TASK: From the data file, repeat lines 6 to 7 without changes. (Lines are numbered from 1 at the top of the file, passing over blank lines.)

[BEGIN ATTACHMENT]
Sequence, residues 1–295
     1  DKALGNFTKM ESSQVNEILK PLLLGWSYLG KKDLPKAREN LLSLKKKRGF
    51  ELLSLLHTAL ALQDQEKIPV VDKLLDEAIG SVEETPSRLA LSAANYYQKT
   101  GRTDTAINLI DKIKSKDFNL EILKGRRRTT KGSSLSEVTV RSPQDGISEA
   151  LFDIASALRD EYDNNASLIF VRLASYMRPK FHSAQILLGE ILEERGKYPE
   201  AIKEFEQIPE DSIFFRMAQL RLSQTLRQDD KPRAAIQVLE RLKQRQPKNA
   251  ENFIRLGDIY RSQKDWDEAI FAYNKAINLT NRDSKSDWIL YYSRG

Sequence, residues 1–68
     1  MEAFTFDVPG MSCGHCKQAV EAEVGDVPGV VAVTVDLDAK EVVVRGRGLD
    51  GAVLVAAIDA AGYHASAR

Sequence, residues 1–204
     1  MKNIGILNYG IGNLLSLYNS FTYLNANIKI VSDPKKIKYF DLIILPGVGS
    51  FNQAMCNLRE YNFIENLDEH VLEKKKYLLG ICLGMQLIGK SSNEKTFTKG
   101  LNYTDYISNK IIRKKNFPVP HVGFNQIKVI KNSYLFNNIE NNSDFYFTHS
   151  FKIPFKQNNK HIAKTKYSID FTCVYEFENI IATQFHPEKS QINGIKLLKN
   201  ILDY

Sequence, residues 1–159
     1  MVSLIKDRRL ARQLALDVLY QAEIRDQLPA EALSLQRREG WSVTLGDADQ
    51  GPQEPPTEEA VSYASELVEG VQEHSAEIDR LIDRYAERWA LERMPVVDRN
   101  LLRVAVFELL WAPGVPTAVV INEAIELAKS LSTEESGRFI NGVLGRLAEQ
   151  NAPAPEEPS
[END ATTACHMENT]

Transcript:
   201  AIKEFEQIPE DSIFFRMAQL RLSQTLRQDD KPRAAIQVLE RLKQRQPKNA
   251  ENFIRLGDIY RSQKDWDEAI FAYNKAINLT NRDSKSDWIL YYSRG